co-parent


Also found in: Idioms, Wikipedia.

co-par·ent·ing

(kō-pâr′ən-tĭng, -păr′-)
n.
1. The sharing of parental responsibility by the divorced parents of a child.
2. Joint or shared custody of a child by divorced parents.

co′-par′ent n.

co-par•ent

or co•par•ent

(koʊˈpɛər ənt, -ˈpær-)

n.
1. a divorced or separated parent who shares equally with the other parent in the custody and care of a child.
v.t.
2. to act as a co-parent to (a child).
v.i.
3. to act as a co-parent.
References in periodicals archive ?
ET's Brice Sander sat down with Chyna at her Lashed Cosmetics booth at RuPaul's DragCon LA 2019 on Sunday, where she opened up about how she and Rob have moved past the drama to successfully co-parent their 2-year-old daughter, Dream.
After that, we're going to co-parent, depending on agreement of who will have the child primarily.
Both parents have agreed to divide Ellie's time between the two of them as they co-parent her.
The Mr & Mrs Smith stars are now drawing up dates to get together and work on their new co-parent roles after sorting out the custody of their six kids.
But we love each other as family, we co-parent our children, and they have amazing step-parents in Jo and Lincoln.
The 41-year-old actress has announced that she and Christopher Jarecki have decided to go their separate ways after 13 years of marriage, but they still"love and respect each other" and will co-parent their six-year-old son Bear Blu.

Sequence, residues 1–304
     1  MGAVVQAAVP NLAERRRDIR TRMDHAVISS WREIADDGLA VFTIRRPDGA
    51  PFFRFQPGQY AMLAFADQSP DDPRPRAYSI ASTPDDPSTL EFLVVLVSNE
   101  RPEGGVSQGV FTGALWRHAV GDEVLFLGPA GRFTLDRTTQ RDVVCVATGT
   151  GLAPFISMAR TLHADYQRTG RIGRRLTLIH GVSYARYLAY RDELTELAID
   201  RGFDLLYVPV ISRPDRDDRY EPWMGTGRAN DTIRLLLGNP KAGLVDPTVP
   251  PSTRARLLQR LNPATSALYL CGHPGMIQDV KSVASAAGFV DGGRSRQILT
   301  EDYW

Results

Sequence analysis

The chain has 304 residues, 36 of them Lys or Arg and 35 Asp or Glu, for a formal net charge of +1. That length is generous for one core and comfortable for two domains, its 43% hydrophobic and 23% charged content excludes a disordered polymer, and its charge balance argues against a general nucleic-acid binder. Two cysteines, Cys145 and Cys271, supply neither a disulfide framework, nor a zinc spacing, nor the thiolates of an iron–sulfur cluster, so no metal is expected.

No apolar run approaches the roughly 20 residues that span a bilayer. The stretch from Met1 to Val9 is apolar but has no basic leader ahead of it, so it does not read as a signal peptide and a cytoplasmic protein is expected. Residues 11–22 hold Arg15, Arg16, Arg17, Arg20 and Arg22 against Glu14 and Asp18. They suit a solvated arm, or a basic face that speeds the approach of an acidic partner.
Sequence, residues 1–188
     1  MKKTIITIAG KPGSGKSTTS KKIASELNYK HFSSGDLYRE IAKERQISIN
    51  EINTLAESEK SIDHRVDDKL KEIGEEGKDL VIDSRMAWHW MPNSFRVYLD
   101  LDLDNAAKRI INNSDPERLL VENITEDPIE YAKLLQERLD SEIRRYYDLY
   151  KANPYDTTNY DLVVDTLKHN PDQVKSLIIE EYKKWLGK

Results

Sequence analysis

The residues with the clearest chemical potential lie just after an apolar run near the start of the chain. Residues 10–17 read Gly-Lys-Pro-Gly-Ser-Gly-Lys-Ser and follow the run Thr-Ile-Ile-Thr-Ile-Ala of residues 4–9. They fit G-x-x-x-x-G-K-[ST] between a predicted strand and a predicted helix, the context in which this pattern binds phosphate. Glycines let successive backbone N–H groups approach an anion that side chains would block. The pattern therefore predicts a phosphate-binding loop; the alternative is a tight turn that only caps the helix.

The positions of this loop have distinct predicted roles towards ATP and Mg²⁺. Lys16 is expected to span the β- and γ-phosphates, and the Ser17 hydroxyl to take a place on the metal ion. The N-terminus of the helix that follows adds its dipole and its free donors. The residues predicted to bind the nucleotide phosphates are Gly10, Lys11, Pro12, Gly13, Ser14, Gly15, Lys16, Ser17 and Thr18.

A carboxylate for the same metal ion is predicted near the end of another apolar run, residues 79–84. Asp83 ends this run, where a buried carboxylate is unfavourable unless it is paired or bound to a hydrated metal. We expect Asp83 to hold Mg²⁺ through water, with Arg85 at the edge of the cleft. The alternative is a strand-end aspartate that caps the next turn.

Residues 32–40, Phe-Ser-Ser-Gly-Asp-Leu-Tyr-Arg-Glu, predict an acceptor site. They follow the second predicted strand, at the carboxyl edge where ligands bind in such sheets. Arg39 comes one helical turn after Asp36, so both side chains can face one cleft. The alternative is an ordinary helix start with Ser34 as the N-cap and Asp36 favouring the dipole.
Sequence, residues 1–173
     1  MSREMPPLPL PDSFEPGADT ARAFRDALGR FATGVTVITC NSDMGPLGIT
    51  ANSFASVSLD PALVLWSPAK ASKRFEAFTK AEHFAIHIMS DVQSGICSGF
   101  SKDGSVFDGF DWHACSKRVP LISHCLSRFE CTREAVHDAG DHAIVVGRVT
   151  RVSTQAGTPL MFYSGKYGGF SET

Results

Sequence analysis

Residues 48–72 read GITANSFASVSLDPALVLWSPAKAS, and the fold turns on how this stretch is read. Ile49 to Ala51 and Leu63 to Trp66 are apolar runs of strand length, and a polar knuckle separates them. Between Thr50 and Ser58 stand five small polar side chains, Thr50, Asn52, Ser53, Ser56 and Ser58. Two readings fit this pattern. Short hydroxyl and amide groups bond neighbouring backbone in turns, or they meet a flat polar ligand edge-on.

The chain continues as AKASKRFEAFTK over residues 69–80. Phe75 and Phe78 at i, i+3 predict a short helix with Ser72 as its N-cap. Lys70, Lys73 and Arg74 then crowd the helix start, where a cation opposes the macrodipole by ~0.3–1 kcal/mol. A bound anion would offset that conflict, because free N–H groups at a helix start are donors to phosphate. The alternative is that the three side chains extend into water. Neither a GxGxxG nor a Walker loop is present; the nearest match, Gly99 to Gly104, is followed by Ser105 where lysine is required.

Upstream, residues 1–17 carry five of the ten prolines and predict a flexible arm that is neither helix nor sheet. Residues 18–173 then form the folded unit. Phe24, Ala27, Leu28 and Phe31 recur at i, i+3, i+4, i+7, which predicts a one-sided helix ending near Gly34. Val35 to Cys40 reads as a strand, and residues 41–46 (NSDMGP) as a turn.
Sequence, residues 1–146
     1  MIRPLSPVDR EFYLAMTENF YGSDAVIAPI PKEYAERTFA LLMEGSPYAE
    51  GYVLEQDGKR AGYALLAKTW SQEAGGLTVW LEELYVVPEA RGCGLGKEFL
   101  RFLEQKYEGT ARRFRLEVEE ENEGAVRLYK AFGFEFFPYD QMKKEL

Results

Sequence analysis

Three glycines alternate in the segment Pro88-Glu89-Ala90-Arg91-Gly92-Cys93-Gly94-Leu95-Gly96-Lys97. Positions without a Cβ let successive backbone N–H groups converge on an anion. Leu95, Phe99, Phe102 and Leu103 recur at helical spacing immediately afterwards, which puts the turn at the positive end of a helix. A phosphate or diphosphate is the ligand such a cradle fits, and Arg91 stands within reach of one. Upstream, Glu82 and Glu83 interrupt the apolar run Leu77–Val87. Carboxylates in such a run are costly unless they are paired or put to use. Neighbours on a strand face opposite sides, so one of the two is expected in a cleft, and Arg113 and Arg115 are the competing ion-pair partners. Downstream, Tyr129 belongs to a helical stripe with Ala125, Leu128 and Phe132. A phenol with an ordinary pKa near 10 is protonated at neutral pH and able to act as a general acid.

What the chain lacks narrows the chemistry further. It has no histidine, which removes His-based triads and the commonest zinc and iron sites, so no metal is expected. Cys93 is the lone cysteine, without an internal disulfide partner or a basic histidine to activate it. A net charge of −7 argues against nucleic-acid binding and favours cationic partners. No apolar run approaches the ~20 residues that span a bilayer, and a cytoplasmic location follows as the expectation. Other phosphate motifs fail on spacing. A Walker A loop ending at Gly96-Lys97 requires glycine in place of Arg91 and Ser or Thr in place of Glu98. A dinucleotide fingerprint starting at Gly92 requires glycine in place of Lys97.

His wife and I have become close and we all co-parent our kids extremely well (their three boys and my two kids live with us all the time).
Notably absent are mentions of positive co-parent relationships, any mention of the father/child bond, or any sense that formal child support counts in fathers' minds as a form of provision.
The post Kevin Hart's ex-wife wants to co-parent new baby appeared first on Cyprus Mail .
With increasing populations experiencing divorce and little known how divorced parents co-parent, understanding how divorced mothers manage co-parenting for their children with chronic illness may help nurses support divorce families, help the father understand the mother's perspectives, and improve outcomes for children.
Self-employed mum-of-two Sarah Hall, from North Tyneside, said: "I run my own business and co-parent our two boys with my ex husband.